In the last issue we looked at the use of St. Augustine’s story of salvation as a unifying context for catechesis. Here we take a look at another of his catechetical contributions: the role of the theological virtues in teaching for conversion.
Ten years ago, I attended a debate between a Lutheran minister and an atheistic philosophy professor. The venue was a small theatre that seated about 300 people, but by the time it began, it was certainly pressing the limits of the fire code. People were seated in the aisles, behind the stage, and even out in the foyer.
The gentlemen took their places at their respective podiums and the Lutheran minister spoke first, saying ‘Those of you who believe in God, please pray that we do not have a fire!’ This drew much applause from half of the audience. He continued, ‘And for those of you who do not believe in God, well, you better just hope like hell.’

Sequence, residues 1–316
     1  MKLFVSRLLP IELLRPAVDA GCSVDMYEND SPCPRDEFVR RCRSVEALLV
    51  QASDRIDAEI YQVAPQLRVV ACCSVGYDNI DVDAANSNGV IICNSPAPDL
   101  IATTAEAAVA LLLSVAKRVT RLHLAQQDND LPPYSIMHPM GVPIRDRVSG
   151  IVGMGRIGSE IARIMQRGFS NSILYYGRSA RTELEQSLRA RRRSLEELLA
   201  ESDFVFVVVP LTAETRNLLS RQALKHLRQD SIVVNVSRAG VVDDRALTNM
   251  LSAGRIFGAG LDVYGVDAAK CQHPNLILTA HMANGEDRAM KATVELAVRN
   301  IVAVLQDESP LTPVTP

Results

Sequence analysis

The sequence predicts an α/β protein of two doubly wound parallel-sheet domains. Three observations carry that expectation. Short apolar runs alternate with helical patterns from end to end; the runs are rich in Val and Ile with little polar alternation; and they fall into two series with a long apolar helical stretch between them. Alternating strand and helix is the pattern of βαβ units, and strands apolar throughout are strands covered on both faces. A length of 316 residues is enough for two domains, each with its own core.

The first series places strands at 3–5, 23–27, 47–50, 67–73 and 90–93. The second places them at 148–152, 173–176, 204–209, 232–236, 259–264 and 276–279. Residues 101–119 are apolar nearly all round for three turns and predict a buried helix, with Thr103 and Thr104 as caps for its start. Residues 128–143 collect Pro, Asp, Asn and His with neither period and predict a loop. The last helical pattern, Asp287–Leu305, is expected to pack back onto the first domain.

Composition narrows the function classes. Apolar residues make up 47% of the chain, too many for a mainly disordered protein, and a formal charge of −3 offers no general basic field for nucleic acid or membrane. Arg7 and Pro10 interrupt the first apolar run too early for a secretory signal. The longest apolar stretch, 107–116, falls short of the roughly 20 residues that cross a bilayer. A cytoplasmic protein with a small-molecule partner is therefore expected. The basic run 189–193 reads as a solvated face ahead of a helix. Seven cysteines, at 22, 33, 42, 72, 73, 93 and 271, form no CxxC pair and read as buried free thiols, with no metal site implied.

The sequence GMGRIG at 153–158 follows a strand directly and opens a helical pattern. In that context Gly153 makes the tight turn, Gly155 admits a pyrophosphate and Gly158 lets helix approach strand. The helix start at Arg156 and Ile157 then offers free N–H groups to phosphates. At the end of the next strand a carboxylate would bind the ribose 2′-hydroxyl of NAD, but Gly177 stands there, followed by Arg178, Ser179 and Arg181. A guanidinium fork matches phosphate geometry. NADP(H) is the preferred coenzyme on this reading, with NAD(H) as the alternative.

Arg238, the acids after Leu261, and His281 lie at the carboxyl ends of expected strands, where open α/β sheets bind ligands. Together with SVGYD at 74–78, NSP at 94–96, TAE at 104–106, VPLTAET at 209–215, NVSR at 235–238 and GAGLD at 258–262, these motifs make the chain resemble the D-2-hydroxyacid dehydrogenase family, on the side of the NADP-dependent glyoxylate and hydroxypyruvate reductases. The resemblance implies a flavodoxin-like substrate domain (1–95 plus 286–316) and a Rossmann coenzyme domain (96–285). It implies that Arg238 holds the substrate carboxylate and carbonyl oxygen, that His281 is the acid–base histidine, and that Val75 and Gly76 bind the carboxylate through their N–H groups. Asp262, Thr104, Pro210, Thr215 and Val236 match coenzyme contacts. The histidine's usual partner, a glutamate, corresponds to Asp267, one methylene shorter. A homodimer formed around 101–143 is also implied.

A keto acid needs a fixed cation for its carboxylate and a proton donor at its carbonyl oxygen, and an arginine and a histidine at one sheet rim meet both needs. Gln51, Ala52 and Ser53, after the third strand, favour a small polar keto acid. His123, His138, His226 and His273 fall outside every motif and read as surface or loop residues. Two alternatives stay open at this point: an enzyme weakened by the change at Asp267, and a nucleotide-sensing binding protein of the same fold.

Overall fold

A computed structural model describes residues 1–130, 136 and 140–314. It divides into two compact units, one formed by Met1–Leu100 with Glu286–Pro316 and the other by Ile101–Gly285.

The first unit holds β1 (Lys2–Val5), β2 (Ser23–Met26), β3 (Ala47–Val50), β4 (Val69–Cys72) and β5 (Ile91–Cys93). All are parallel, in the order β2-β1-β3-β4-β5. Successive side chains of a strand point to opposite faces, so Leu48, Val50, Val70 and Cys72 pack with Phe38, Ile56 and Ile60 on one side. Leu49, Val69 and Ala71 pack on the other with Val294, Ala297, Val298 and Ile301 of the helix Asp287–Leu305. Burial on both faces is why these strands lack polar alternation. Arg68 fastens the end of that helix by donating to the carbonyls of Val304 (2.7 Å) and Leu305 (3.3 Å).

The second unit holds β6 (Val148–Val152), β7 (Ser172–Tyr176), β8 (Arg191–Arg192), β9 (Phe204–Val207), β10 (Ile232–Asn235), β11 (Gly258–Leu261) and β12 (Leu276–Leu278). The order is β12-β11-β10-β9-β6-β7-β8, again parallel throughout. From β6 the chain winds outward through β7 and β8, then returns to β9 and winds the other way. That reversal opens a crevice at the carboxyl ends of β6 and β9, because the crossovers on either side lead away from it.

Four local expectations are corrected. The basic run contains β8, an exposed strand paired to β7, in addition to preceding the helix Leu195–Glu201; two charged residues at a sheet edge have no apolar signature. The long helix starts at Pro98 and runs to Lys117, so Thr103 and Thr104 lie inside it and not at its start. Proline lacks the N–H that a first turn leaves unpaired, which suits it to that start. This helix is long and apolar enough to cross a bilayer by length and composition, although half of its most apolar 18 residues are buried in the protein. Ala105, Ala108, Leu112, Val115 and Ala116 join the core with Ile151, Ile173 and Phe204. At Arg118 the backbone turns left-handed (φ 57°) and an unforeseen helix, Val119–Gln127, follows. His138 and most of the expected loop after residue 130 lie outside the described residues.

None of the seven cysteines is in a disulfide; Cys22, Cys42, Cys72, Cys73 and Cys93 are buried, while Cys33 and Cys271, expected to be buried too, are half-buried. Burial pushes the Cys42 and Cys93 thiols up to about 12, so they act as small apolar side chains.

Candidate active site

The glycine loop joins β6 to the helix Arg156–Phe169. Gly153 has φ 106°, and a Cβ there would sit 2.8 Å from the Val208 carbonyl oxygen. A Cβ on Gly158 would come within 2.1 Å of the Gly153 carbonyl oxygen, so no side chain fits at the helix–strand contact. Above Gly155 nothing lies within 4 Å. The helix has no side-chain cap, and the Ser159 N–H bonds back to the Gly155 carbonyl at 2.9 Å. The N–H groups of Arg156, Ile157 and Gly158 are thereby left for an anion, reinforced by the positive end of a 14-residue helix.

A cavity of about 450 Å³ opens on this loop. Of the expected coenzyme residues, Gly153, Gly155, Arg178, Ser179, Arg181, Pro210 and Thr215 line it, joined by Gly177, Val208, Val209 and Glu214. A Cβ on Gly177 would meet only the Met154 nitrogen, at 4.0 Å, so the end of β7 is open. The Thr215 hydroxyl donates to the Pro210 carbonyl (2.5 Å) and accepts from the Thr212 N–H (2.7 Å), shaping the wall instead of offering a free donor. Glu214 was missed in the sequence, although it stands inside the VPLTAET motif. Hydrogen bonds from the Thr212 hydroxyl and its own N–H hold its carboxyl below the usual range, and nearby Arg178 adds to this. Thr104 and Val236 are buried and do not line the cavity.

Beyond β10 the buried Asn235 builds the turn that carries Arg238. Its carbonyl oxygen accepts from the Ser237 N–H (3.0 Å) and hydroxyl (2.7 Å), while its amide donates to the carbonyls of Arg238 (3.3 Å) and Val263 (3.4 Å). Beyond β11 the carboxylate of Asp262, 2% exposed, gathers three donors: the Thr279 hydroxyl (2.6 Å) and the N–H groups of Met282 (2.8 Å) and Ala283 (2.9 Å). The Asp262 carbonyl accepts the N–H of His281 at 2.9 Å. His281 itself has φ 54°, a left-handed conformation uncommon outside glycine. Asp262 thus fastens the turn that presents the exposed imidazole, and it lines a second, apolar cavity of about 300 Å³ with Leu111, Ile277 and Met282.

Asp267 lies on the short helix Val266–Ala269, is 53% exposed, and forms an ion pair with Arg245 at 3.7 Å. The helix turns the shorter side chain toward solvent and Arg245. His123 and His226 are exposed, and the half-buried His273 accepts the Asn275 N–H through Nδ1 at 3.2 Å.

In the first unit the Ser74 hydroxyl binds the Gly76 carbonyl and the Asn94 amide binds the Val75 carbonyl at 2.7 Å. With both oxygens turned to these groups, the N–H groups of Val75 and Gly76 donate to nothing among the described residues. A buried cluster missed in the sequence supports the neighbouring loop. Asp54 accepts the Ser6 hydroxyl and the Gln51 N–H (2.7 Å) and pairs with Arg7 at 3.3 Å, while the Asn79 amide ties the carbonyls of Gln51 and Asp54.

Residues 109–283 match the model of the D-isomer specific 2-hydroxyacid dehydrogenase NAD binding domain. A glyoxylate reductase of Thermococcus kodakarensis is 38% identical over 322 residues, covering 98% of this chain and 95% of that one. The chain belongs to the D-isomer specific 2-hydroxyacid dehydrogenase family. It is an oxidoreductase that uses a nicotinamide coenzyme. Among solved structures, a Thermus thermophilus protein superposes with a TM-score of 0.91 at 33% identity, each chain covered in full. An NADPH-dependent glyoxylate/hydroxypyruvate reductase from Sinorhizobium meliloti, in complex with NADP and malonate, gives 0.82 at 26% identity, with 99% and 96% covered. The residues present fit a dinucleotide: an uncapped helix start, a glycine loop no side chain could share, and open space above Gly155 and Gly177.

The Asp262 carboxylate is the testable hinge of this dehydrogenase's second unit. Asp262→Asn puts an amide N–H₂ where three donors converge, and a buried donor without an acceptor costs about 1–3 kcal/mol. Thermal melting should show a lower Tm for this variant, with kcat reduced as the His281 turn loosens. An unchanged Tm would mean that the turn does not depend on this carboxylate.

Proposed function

And thus, within his first two sentences, he had set forth the key theme of his presentation, not to mention the distinguishing feature of Christianity itself: namely, we are a people who believe, hope and love. Without Christ, we have no life.